Why evolution does not weed out all genetic diseases

| | October 4, 2017
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This article or excerpt is included in the GLP’s daily curated selection of ideologically diverse news, opinion and analysis of biotechnology innovation.

To anyone with a basic understanding of evolution, it should seem puzzling that deadly genetic diseases, passed on from one generation to the next, haven’t eradicated themselves by now.

In a PLOS Genetics paper, postdoctoral genetics researcher Carlos Eduardo G. Amorim and his colleagues explained why gene mutation rates and disease occurrence don’t balance themselves out — even though they theoretically should. Their explanation is based on a theory explaining the equilibrium between deadly disease and natural “purifying” selection for healthy individuals that’s long been floated in the evolutionary biology community.

The mutation-selection balance theory states, simply, that the number of deleterious genes in a population should balance out the number of genes eliminated by natural selection. To test it, the team compared a real-world data set to theoretical models of the mutation-selection balance, looking specifically at 417 mutations on 32 genes that cause lethal recessive genetic disorders.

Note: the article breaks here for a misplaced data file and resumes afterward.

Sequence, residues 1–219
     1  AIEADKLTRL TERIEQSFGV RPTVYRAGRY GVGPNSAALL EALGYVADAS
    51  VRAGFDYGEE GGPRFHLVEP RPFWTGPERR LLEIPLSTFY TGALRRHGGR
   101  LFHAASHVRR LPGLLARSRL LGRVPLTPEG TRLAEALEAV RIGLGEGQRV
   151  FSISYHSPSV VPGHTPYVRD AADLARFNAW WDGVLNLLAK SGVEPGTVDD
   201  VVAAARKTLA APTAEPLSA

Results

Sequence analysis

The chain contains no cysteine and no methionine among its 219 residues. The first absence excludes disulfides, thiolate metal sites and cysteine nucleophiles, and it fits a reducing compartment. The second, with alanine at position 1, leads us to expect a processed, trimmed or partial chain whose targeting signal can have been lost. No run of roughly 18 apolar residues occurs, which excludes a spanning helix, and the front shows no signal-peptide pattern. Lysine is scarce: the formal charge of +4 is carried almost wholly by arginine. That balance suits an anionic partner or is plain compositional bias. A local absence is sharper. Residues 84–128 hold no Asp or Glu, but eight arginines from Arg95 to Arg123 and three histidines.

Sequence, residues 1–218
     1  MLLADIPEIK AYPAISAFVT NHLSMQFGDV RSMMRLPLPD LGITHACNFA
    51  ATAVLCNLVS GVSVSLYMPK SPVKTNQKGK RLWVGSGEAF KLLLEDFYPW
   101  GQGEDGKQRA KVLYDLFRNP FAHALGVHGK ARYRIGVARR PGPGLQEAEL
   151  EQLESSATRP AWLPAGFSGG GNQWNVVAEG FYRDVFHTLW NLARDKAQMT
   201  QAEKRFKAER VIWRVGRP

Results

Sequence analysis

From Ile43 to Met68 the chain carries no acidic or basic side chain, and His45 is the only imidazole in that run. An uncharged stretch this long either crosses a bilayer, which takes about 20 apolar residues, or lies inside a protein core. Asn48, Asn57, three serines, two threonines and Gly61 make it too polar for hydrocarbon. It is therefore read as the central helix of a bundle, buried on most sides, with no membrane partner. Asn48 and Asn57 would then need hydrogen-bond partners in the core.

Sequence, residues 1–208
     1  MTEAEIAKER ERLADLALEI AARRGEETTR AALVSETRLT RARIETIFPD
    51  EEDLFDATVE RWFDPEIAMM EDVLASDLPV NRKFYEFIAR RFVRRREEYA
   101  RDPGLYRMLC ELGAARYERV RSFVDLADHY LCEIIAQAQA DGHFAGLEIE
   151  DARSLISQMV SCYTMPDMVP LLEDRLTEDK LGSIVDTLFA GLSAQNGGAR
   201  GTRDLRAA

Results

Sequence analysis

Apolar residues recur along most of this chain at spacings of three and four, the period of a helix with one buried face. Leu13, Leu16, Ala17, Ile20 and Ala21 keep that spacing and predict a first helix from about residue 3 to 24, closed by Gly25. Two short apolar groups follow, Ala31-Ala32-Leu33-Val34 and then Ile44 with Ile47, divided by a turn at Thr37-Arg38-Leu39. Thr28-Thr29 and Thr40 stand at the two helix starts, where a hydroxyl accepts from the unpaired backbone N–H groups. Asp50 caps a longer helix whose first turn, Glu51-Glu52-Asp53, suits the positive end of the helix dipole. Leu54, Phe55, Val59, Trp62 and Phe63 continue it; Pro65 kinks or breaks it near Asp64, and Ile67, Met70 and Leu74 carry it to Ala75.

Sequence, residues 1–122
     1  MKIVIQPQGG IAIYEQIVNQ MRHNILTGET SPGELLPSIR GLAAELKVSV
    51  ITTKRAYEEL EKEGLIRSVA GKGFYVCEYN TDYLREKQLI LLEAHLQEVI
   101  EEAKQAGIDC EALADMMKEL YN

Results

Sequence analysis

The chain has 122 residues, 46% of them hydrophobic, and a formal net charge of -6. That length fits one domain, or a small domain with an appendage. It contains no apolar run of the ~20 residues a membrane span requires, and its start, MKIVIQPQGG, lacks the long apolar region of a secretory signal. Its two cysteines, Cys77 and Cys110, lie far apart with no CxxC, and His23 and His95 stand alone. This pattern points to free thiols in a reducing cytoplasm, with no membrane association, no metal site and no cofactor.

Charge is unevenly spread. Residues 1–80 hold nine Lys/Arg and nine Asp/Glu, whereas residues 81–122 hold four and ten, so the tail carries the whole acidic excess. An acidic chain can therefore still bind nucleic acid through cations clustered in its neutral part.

“Now we know that these assumptions are likely true,” says Amorim, “and thus we can now make better guesses of what frequencies we’d expect to see disease mutations in human populations, and conversely how to use information on allele frequencies (that are now available in many public databases) to learn about the health effects of a given mutation or to search for new disease mutations.”

The GLP aggregated and excerpted this blog/article to reflect the diversity of news, opinion, and analysis. Read full, original post: Scientists Show Why Genetic Disease Persists, Despite Evolution

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